OCSU Equity Policy Debate Continues


The Orleans Central Supervisory Union is continuing the debate about the Equity Policy. There are many differing opinions in the community about the proposed policy. The OCSU Elementary/Middle School Board has passed the Equity Policy, but the High School Board is continuing to conduct research and hear feedback before making a final decision.

What is the Equity Policy?

The OCSU Equity Policy includes definitions of equity and equity practices that OCSU pledges to teach. One pledge is providing effective resources to schools based on needs. Another goal is listening to the voices and culture in our community to support and enhance student success. One definition of equity that OCSU provides in the policy is ensuring that a student’s success is not predetermined based on characteristics.

The Equity Policy specifically states:

“Equity means that a student’s success is not predicted nor predetermined by characteristics such as race, ethnicity, religion, family economics, class, geography, ability, language, gender, sexual orientation, gender identity or initial proficiencies.”

“Incorporate the voice, culture and perspectives of students, staff, families and communities that reflect student demographics and support and enhance student success.”

“Monitor and evaluate the individual needs of schools and distribute resources and effective personnel based on those needs.”

Concerns with the Equity Policy

The High School Board has received concerns from community members in the district. One outspoken critic of the policy is Ben Morley. Morley is a volunteer for the Foundation Against Intolerance and Racism, with a Master’s Degree in Public Administrative Management. He also wants to educate others about his concerns with the Equity Policy. His rationale is simple. “I want every student to enjoy an equal education that will prepare them for life beyond secondary school,” Morley said. Morley told me that he’s concerned with the Equity Policy because of the decision-makers involved in defining equity. “Equity is defined as fairness, but it allows for open interpretation of the individual to make that determination,” Morley said. He went on to note an example. “Unfortunately, leadership in many districts have instituted policy and programs based on their diverse opinions and definitions of equity, rather than surveying and measuring diversity of opinion for students and parents, whom may have conflicting needs surrounding equity practices.”

If the policy is concerning, what alternatives could be set in stone to ensure equality happens in OCSU schools? Morley said equality in schools already exists. “Most individuals and families already receive equal opportunity to education in schools and possess Civil Rights as students. If we empower students and families to understand their current rights, it may help with understanding equality for students.” He continued, encouraging students to look at their current rights online. “I would encourage all students to review Pupil Education Rights -1232h and ask their peers to explain what areas lack equality of opportunity in education.” He went on to encourage students to continue having conversations with classmates despite political disagreements. “Don’t let politics prevent you from speaking with one another, it is so important to speak about these matters civilly.”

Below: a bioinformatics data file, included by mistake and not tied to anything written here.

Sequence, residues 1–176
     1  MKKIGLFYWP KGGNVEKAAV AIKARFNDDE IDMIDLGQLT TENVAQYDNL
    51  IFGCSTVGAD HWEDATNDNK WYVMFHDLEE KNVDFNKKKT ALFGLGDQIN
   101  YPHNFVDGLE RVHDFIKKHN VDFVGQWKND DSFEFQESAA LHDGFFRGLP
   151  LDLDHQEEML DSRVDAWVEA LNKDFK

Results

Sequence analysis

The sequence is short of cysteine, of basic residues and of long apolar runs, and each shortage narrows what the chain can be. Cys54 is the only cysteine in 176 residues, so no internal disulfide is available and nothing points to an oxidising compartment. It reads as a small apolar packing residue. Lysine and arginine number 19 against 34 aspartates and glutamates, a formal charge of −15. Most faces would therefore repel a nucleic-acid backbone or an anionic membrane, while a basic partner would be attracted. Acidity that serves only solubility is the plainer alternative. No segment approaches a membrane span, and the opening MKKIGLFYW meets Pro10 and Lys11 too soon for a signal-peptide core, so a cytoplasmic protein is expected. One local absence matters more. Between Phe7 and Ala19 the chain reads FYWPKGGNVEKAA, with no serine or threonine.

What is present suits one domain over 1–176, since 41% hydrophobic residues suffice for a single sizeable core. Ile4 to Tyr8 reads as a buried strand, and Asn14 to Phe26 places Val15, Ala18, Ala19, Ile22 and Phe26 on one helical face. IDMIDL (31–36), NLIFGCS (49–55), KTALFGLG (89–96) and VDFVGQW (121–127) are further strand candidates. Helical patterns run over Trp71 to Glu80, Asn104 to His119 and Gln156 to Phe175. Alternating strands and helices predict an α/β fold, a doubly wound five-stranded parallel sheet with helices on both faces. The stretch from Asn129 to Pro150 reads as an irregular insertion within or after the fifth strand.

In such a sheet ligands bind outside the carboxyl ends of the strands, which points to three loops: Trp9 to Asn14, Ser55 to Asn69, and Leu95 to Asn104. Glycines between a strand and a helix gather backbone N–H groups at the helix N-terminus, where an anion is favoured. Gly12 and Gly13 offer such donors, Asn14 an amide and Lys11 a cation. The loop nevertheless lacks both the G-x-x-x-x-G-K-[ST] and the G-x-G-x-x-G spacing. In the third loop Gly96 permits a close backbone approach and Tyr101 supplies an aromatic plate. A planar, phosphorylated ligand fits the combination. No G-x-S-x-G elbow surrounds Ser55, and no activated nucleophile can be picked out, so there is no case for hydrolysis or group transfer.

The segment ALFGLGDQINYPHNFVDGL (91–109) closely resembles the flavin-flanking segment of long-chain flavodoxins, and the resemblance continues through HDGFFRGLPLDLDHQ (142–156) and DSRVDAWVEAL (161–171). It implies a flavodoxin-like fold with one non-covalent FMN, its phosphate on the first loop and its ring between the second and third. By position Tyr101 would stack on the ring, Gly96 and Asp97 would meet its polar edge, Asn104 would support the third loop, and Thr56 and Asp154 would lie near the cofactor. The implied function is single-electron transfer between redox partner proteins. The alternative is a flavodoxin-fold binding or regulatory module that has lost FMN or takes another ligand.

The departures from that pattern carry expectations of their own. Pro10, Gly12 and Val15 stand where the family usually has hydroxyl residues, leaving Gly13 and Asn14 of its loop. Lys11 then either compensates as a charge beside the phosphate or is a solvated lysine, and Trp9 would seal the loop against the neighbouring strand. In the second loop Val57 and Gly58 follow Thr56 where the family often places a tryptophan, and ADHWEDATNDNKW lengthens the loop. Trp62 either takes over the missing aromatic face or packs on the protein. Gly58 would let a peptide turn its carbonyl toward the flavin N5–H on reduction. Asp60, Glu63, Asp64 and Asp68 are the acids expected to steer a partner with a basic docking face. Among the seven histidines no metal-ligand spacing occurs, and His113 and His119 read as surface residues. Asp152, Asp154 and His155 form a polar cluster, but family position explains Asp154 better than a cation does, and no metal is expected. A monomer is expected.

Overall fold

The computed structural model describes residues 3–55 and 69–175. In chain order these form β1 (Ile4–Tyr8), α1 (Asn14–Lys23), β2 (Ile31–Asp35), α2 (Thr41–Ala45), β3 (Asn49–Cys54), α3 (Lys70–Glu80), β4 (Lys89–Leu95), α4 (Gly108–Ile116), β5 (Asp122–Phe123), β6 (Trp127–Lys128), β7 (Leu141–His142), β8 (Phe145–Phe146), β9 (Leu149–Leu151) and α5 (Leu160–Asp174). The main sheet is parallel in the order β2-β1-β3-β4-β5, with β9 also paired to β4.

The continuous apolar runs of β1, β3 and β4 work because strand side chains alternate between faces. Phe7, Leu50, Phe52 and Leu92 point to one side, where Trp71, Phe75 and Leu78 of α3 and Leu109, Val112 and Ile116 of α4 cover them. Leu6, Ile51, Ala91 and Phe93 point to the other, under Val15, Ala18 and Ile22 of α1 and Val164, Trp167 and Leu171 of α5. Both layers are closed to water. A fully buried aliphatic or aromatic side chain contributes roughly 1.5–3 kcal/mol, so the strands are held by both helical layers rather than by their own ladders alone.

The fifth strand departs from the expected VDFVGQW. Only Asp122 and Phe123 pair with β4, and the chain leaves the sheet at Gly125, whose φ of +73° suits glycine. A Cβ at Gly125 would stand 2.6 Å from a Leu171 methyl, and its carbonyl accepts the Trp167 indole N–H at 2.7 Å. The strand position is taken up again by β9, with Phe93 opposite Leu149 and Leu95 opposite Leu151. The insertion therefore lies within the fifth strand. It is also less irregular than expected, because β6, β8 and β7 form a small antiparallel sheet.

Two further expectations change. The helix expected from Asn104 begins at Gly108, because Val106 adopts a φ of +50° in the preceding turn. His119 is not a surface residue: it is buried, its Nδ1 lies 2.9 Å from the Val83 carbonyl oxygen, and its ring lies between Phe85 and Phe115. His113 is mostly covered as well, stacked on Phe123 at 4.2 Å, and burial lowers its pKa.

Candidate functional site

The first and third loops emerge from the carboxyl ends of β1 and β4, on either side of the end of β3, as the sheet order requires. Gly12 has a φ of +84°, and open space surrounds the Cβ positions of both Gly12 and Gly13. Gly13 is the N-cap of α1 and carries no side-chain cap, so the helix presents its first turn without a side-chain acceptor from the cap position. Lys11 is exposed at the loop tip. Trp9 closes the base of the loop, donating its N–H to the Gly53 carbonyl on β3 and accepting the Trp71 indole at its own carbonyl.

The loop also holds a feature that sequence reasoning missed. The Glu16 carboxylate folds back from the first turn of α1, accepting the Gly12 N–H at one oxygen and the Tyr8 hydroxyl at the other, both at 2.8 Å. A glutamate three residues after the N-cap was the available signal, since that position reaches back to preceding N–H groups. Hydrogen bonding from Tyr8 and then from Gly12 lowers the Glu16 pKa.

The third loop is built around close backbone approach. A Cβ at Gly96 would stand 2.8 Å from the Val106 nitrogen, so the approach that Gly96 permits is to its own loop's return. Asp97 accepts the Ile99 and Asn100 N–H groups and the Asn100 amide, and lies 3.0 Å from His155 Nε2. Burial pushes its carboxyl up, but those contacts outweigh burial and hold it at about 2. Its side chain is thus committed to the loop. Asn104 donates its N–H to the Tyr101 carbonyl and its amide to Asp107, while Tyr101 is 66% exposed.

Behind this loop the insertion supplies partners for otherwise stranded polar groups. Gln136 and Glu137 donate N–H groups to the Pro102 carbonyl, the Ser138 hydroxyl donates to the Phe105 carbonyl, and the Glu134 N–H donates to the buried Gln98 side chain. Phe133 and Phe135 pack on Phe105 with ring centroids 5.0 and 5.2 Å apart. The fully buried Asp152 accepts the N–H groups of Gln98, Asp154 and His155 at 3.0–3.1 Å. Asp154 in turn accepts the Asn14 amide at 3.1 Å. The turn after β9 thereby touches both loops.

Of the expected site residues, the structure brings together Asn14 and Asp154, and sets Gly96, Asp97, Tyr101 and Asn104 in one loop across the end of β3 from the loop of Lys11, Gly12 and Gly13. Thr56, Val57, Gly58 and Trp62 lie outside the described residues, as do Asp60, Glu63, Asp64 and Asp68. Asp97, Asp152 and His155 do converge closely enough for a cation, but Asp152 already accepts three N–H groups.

Morley added that he hopes the LRUHS School Board takes one factor into consideration when voting on the Equity Policy. “A public policy is meant to offer clear guidance for process and procedure,” Morley said. He explained why he thinks this policy is an example of the opposite. “I find the current policy to be vague, and does not define cultural competence or equity in a way that offers a unified understanding of these concepts,” Morley said. He also mentioned one example of something the policy lacks. “We should discuss student and teacher rights in the policy and how those rights will be protected.” But, Morley isn’t wholeheartedly opposed to any equity policy for our school district. “I would like to see an equity policy that is descriptive, process oriented, and provides solutions for introducing community supported equity services and builds transparency between parents and education professionals,” Morley concluded.

Morley said he wants to encourage parents and other concerned citizens to learn more about the equity practices being introduced to our schools, “I would encourage all stakeholders to review the Equity Committee meeting minutes to better understand the types of equity being introduced in our schools,” Morley said. Morley said he welcomes members of the school community to join him. “I would also invite teachers, parents, and students to improve modes for transparency and communication,” Morley continued. Morley explained his point of view on two types of equity practices. “There is a difference between top-down equity practices, and bottom-up equity practices from education stakeholders,” Morley noted. Morley prefers one type over the other. “I like the concept of bottom-up equity and the pro-human approach for education.” Morley ended his answer with the difference between equity and equality. “Still, it is important that Equity practices do not erode equality of opportunity or be introduced on the basis of immutable characteristics, because that has caused discriminatory practices to occur,” Morley concluded.